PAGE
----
From Betty Holmes
I first learned about Baffin Island and the Eskimos in my fourth grade geography class. My nephew traveled to Iqaluit, Nunavut, Canada which is located on the south coast of Baffin Island, at the top of Frobisher Bay. It is not quite within the Arctic circle, but the climate is Arctic and no trees grow there. My nephew was in Iqaluit in mid-April 2010. He wrote me about his trip.
The city of Iqaluit, with a population of 6,699, is the coldest place Dan had been. This was once an American strategic air force base called Frobisher AFB, on Baffin Island in Canada. During World War II, Frobisher AFB was a refueling stop for planes on the way to Europe to support the war. And in 1955, Iqaluit housed the construction crews building the Distant Early Warning line, the DEW line . When United States left Frobisher AFB, in 1963, the Inuit took over the buildings, and ultimately, the Canadian government set up a territory for the Inuit. Iqaluit became a city in 2001.
Dan wrote, it was -50F every day that I was there in April of 2010. There are no trees. The permafrost is 4” below the surface, so 4” is the maximum height trees can grow. While I was there I got to eat; Lemming, Raven, Ptarmigan, Marmot, Arctic Char, Arctic Prawns, Arctic Hare, Caribou, Yak, Seal, and Polar bear. I also had the worst chicken wings ever. (FYI: My favorite food of all time is Yak.)
Once there, I had to stay to finish the job. It takes two days to get to Iqaluit, from the United States, and the plane tickets cost $4,000, so they wouldn’t let me come home for a family funeral.
Well, how would I describe Yak??? Let’s see… It doesn’t taste anything like chicken. I suppose the closest thing it tastes like would be goat, and goat is a like lamb but leaner. In the arctic, the locals hunt and fish then trade with the restaurants for freezer space in the summer months. (Easier than digging a hole in the frozen ground.) All of the restaurants serve local food, and it’s cheaper than anything that has to be flown in. A hamburger like you get at Wendy’s costs $45, but a caribou tenderloin steak is only $10. They use Yak like beef, and it comes as steaks, roasts, and burgers. It tastes great, and my favorite was Yak cheese-burger, with French fires made from something like a parsnip.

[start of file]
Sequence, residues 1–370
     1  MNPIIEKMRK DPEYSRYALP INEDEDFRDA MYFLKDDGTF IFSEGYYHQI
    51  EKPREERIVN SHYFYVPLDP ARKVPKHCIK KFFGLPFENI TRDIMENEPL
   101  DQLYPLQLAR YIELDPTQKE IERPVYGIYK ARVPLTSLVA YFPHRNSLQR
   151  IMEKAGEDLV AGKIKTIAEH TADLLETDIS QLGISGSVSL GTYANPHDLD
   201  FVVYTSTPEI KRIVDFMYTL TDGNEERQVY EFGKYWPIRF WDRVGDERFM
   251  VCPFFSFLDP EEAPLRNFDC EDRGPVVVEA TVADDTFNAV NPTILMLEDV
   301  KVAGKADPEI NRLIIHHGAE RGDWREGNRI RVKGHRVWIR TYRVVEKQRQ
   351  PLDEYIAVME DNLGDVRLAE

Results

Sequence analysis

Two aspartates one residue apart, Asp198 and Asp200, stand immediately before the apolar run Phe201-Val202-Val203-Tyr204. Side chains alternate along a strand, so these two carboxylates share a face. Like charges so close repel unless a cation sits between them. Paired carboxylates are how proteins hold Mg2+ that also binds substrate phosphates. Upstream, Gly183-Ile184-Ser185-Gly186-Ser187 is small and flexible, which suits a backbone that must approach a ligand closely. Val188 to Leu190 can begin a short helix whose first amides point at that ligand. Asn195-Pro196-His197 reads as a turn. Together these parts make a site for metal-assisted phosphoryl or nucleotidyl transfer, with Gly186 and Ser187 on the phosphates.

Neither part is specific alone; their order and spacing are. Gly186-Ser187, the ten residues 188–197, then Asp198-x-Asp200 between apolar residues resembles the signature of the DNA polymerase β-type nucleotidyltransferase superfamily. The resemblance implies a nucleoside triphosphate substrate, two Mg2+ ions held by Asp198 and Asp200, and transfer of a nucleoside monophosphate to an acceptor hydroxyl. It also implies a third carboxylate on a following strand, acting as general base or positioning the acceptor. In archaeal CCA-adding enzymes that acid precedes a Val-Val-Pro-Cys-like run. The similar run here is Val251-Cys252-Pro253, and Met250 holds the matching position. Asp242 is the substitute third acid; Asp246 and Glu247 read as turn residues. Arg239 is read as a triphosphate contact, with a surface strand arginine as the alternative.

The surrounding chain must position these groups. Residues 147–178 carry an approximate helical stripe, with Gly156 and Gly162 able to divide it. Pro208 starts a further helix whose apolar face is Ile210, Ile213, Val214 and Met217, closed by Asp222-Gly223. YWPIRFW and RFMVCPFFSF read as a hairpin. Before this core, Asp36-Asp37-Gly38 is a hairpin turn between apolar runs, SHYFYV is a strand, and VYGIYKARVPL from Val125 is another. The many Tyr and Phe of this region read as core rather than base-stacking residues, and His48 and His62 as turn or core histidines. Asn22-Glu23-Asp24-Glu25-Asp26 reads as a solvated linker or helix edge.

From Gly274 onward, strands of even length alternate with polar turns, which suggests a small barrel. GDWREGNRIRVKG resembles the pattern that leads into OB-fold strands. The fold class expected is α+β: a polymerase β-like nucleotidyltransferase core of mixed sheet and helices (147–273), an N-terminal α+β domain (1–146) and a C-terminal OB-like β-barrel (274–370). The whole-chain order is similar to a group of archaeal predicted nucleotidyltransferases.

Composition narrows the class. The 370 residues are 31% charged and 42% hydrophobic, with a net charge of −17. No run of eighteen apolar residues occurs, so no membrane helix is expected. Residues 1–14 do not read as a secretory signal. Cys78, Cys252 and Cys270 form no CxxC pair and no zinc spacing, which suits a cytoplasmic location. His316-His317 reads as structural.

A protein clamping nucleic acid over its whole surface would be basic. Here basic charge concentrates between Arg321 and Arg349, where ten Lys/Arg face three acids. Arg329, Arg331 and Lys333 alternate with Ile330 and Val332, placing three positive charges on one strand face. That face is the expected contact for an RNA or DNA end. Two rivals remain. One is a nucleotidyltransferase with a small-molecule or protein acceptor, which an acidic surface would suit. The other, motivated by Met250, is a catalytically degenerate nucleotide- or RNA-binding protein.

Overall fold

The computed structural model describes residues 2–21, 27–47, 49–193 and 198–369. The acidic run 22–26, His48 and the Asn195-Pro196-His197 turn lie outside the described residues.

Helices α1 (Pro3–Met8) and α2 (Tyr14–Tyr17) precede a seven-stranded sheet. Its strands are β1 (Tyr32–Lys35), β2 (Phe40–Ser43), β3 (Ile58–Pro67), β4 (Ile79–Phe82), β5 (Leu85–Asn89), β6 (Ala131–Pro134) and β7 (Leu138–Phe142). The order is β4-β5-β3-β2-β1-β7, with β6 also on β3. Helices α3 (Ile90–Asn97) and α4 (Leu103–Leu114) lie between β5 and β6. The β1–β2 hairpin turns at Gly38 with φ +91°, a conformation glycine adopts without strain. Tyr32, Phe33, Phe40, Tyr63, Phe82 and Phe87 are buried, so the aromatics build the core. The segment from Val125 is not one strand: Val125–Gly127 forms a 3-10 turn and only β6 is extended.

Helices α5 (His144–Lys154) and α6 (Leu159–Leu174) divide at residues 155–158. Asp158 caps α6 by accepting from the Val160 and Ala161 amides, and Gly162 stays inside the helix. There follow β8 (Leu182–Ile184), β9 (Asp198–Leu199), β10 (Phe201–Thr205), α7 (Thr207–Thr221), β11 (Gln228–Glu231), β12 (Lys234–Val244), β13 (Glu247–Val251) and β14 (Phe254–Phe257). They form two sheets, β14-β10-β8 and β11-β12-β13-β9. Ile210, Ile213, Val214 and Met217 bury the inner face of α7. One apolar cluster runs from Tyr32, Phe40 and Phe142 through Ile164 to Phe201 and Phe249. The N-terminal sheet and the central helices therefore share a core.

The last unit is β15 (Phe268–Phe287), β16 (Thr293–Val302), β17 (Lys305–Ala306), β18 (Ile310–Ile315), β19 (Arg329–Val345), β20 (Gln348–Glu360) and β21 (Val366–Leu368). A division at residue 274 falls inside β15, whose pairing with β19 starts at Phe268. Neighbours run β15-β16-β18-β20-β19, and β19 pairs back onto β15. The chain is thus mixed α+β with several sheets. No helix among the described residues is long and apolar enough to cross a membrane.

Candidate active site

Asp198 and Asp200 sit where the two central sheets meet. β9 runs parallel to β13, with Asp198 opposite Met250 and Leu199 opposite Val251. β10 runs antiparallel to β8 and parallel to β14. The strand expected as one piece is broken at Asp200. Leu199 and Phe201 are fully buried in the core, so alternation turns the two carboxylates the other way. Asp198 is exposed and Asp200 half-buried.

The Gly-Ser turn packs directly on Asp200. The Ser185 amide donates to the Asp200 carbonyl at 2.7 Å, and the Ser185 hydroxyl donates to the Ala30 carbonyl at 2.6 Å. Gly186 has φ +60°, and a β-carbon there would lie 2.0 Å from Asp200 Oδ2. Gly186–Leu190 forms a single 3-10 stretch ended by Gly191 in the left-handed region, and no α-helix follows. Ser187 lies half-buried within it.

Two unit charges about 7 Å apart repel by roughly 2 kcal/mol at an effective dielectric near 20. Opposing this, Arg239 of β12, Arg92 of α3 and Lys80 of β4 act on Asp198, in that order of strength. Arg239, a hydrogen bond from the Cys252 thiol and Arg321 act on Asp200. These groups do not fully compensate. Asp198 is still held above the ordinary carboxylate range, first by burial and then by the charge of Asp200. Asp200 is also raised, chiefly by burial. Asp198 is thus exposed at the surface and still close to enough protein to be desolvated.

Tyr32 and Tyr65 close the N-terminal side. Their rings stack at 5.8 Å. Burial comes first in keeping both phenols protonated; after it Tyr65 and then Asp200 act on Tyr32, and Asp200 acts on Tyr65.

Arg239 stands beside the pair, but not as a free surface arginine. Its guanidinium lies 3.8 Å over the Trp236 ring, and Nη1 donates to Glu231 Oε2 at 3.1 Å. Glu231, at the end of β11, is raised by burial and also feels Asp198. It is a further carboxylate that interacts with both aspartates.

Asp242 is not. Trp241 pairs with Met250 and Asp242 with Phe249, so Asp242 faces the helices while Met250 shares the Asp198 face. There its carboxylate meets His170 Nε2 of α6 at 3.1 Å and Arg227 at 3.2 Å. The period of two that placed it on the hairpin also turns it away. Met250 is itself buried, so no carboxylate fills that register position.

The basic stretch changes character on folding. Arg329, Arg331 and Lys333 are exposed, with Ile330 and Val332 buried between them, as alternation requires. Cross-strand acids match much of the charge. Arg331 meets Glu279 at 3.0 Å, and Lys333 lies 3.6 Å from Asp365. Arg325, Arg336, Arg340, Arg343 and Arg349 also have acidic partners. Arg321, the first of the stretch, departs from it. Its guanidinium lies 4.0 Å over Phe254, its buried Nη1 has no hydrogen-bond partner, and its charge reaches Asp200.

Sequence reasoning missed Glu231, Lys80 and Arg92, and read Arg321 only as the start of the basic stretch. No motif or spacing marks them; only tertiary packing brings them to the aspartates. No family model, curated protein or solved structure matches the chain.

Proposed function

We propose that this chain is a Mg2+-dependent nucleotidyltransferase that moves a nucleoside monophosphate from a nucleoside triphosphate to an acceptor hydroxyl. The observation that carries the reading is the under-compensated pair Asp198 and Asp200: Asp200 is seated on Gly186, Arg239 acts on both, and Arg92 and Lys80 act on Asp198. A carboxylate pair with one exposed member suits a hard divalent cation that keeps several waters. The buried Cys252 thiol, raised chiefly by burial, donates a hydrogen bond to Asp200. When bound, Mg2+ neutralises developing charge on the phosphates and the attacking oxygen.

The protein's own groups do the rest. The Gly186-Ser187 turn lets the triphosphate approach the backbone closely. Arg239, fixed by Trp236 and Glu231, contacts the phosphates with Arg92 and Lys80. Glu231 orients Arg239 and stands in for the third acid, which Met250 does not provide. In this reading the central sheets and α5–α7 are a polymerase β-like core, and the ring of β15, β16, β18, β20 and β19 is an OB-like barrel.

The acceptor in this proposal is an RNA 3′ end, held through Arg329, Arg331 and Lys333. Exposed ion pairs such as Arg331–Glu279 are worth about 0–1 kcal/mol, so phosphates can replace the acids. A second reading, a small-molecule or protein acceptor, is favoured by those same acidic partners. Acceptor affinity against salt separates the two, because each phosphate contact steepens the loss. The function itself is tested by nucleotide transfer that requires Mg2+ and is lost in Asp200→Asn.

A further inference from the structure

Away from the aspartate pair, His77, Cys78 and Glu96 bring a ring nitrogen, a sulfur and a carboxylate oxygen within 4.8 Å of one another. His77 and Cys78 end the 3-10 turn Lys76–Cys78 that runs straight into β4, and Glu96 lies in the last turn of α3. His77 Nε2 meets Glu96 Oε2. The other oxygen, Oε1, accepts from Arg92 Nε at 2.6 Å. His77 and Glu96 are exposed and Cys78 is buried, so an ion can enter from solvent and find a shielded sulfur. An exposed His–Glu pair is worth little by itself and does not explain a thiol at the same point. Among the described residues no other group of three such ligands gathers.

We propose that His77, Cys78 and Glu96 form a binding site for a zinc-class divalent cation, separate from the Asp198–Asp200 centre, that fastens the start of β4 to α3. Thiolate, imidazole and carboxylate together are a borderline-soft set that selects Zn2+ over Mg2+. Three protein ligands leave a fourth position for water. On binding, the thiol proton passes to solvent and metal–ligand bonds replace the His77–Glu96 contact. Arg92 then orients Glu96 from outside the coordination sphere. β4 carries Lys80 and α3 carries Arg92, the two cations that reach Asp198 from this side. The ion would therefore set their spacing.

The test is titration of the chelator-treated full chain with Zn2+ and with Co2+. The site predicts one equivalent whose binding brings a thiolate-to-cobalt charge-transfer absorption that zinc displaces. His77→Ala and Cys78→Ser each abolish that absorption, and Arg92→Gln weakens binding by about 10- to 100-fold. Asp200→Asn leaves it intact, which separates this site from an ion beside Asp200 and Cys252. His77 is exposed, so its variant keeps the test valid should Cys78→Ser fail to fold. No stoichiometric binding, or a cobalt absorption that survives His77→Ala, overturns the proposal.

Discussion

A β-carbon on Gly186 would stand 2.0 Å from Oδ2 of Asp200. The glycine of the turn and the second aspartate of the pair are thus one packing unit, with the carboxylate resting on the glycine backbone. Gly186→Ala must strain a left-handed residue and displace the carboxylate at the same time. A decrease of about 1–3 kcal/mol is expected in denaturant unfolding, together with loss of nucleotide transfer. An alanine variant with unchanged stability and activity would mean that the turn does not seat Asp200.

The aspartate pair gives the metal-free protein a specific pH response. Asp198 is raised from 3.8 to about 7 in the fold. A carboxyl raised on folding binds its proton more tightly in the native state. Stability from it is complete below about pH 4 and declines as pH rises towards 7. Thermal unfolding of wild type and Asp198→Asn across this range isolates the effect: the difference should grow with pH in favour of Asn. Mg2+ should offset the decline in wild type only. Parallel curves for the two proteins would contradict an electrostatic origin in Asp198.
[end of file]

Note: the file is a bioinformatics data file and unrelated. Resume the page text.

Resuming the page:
As for the chicken wings, Wednesday night is “wing” night at the Frobisher Inn, the only hotel on Baffin Island with heat in every room! You get a basket of 10 emaciated wings done any way you like for $25, and the locals can’t get enough. (I had one basket of Buffalo wings and one of Lemon Pepper) Since there’s such a demand, you’re required to place your entire order and pay (with tip) up front. When you’re finished they boot you out the door so someone else can use the table (Get up Jack, let John sit down!) Meanwhile, the locals are lined up around the building waiting their turn to get in, and it’s minus 50. They wait in line for hours. Everyone is dressed for the weather, and the momma’s wear jackets with huge hoods. The babies sit in a papoose under the hood and peek out beside mom’s head.
The wall of the Fire Station, is the only building that doesn’t face south. So, due to the prevailing winds, they can keep the doors open longer to get fire equipment in and out. As a result, they have a south- facing wall that the kids can paint. The southern wall gets enough sun to warm it up, so the paint can dry. When they catch the kids painting they chase them off. Some of the graffiti is quite like modern art.
Iqaluit was a fun trip, and I made some friends. I’d love to go back some day, I didn’t get to go dog sledding, which was on my list of things to do while I was there. There were high winds that were blowing the snow around. As a result, there was a constant fog of snow that was about waist high once you got away from the buildings. One local was out hunting seals while I was there, and a Polar Bear got him. They think it just walked up to him hidden by the blowing snow. No one was taking tourists out on joy-rides till the snow stopped blowing. One day a bear came into the area, just outside of town, and a 9 year old boy shot and killed it. There was a huge party to celebrate, and the kid got to keep any money raised from the bear. I was going to buy one of the claws, but I was told that I wouldn’t be allowed to bring it into the U.S., so I bought a bear steak instead.
The traffic signs are in English and Inuit.